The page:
Prisoners, Medical Care and Entitlement to Health in England and Ireland 1850-2000 is looking for an expert partner(s) with whom to generate an Arts project(s) that will primarily work with prisoners within the English prison system, but might also touch upon prisoners’ families and ex-prisoners post-release. The selected partner(s) will work with Professor Hilary Marland’s team at the Centre for the History of Medicine at the University of Warwick
Key things to consider
- The project must be focussed on work within prison, but we also hope for some sort of external public sharing – which might be an event, exhibition, panel discussion, seminar etc.
- We are open to practically any art form (in its widest sense) that you think you could take into a prison: theatre, writing, dance, music, singing, reading, painting, photography, drawing, debating, digital, radio, collage, object handling etc. It might even be a project which is more ‘think-y’ and less ‘output-y’ – there don’t have to be physical outcomes like paintings or theatre pieces.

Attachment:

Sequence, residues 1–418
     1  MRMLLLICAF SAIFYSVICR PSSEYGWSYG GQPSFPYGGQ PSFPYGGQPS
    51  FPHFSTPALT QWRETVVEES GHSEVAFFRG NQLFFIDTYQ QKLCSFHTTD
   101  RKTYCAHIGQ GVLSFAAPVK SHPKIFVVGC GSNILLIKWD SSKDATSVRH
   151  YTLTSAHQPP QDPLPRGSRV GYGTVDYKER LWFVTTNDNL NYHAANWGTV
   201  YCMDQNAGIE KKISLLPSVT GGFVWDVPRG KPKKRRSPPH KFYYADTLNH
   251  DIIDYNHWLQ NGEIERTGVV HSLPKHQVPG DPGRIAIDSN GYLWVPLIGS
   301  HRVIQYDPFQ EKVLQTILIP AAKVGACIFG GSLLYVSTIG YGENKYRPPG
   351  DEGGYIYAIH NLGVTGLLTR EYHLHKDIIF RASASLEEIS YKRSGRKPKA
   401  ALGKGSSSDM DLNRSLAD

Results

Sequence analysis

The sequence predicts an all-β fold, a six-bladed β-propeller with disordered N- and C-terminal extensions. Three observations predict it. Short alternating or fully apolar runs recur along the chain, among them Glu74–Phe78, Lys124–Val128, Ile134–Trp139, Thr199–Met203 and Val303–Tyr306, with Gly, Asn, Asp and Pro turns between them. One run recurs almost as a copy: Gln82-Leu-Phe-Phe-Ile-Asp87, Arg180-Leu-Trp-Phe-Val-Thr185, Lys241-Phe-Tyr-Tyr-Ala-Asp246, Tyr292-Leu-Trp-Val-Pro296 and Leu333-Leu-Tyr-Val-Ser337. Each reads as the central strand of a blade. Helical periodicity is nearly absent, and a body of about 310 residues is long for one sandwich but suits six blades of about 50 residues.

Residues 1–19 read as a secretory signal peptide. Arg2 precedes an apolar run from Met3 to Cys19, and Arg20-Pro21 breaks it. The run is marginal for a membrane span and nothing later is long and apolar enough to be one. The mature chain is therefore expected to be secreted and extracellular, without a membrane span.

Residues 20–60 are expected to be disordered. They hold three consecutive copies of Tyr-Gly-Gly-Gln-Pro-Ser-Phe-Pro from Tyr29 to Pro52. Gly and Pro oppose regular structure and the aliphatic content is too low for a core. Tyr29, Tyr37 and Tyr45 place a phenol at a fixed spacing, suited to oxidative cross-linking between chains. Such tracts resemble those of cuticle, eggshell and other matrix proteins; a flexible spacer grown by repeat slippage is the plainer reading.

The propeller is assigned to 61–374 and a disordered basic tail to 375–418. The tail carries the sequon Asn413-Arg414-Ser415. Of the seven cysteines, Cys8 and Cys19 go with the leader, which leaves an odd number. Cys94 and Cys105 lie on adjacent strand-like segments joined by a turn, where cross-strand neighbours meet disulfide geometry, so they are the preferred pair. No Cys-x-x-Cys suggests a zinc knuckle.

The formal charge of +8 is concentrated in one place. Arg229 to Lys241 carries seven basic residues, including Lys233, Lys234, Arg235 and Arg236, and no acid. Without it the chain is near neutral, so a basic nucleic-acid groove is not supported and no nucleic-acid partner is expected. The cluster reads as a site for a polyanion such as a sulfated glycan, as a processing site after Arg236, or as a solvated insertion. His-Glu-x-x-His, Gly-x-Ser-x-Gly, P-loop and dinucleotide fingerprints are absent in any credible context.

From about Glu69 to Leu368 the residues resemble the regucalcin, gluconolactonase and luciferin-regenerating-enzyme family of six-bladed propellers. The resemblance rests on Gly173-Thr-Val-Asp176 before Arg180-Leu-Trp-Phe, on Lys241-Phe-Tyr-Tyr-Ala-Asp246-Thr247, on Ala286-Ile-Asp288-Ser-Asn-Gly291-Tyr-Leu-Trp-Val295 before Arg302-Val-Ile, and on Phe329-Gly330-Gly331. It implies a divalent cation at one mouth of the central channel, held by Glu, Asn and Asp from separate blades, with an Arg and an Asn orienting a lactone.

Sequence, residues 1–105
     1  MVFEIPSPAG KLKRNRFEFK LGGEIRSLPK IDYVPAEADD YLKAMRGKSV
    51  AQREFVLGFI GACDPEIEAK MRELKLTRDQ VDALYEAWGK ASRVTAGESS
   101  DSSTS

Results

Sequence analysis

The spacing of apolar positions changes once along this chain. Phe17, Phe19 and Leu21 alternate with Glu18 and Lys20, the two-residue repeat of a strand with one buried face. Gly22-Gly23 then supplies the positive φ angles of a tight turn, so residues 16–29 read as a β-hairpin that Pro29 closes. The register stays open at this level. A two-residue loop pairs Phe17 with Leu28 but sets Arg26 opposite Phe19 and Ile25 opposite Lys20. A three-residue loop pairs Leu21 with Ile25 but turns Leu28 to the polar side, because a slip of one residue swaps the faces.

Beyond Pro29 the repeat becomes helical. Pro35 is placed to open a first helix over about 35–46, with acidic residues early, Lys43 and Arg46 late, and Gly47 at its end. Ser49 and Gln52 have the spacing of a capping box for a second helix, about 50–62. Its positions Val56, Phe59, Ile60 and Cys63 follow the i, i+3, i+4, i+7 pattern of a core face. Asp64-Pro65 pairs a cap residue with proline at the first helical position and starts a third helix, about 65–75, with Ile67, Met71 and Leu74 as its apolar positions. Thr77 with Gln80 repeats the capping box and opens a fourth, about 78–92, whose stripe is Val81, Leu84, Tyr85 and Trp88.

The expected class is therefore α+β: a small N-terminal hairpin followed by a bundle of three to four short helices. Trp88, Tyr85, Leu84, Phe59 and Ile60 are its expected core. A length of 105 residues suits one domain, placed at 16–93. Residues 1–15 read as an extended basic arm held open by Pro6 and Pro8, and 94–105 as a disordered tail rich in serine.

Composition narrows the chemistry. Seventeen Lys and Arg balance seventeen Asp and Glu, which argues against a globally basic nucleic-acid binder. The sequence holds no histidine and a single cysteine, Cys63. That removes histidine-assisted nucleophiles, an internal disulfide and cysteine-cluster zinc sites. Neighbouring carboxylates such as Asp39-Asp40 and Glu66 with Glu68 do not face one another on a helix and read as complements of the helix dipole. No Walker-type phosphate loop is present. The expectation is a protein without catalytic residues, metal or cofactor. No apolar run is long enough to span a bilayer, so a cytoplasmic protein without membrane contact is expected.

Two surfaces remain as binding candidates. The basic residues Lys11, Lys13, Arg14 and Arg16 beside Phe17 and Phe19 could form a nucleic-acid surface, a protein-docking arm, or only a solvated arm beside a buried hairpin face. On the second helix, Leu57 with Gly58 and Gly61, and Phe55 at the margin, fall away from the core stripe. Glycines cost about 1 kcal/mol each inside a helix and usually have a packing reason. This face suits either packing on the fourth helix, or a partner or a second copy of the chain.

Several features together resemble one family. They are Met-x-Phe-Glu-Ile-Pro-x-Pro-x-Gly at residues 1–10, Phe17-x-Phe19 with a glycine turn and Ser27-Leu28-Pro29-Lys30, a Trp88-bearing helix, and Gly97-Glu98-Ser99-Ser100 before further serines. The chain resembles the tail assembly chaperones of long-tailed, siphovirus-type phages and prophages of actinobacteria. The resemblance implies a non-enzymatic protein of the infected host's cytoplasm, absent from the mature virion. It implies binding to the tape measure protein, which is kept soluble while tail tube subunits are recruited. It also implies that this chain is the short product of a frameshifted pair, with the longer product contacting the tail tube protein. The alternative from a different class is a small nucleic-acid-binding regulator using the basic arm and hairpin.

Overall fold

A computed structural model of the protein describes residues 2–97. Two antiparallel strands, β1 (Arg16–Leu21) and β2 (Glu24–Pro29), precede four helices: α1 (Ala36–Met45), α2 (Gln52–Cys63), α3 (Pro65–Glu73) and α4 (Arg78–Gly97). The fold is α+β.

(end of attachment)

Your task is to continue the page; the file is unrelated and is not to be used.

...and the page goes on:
- We need to know the evaluation methods – what did we (you and us) and participants learn? How did it change us all? What implications might it have for prisons, mental health, physical or spiritual health? What policy outcomes are there?
- The project must have completed its work within and outside prison by Summer 2018; the finding / results / observations will feed into a policy event in Autumn 2018.
- The partner(s) must be willing and able to talk about the project at the Autumn policy event.
The commission(s) is fully funded, and open to organisations already working in the prison estate. Read the full brief here
Please send applications to Flo Swann, Public Engagement Officer at firstname.lastname@example.org
Please don’t hesitate to get in touch with Flo if you would like to have an informal chat prior to submitting an application.
Applications must be received by Sunday 25th June at midnight.
Image credit:Wakefield Training Prison and Camp- Everyday Life in a British Prison, Wakefield, Yorkshire, England, 1944. Creative Commons.